Maryland Budget Receives Preliminary OK in House - WBOC-TV 16, Delmarvas News Leader, FOX 21 -

Maryland Budget Receives Preliminary OK in House


ANNAPOLIS, Md. (AP) - A Maryland budget plan restoring education funds and state employee pay that had been scaled back in Republican Gov. Larry Hogan's budget proposal advanced in the House of Delegates on Wednesday.

The House, which is controlled by Democrats, gave initial approval to legislation containing the state's $40.7 billion budget. The House is scheduled to work on a companion bill needed to balance the budget Wednesday evening.

"We restored our priorities: education, taking care of our state workers and critical, critical social and health needs that our Maryland citizens deserve," said Del. Maggie McIntosh, a Baltimore Democrat who chairs the House Appropriations Committee. "We did this without raising taxes."

Changes made by the House mean the legislation won't eliminate Maryland's long-running structural deficit, as Hogan's budget did in one year. Instead, it resolves about 74 percent of the state's structural imbalance. That means while the budget lawmakers are now working on for the next fiscal year would be balanced, a shortfall will return when lawmakers come back next year, because the state is slated to spend more revenue than it is projected to collect.

Part of the House budget includes changing the state's pension funding system, enabling the state to pay about $75 million less into it. Hogan has expressed willingness to negotiate with lawmakers on education funding and state employee pay, but he has expressed concern about diverting contributions away from the state employee pension system.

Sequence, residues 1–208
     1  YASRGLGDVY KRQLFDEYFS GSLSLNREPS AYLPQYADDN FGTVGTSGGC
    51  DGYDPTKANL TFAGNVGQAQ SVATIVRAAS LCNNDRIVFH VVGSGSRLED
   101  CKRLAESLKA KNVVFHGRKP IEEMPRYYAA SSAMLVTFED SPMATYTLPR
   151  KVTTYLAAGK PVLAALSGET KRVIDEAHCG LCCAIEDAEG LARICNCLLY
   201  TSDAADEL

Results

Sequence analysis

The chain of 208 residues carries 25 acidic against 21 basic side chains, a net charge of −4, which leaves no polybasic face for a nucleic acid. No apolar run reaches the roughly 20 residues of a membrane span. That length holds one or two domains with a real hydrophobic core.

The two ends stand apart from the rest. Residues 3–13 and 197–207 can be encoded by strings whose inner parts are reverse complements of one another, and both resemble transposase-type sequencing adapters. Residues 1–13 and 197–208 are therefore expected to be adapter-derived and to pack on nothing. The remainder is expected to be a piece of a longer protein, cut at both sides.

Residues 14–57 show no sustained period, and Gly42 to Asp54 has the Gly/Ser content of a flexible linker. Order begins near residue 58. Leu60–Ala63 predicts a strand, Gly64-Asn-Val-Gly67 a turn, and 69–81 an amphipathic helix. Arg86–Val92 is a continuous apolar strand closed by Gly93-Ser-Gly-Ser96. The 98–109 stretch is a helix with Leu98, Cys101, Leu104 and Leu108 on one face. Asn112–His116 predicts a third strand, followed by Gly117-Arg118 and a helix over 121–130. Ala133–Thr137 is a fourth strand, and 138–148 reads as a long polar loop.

The House has eliminated 100 vacant state jobs to save money: 50 from corrections and 50 from the state police. Democrats say the cuts are designed to help with 2 percent across-the-board cuts to state agencies that Hogan included in his budget plan. However, he did not define them. Democrats say it's better to save money by cutting vacant jobs then risking the loss of jobs currently filled. Republicans, however, opposed the idea, saying the provision took too big a toll on public safety.

"We're going in the wrong direction when we're taking away public safety from the state of Maryland," said Del. John Cluster, R-Baltimore County.

The House is expected to vote on the budget measures this week. The Senate will then work on the legislation.

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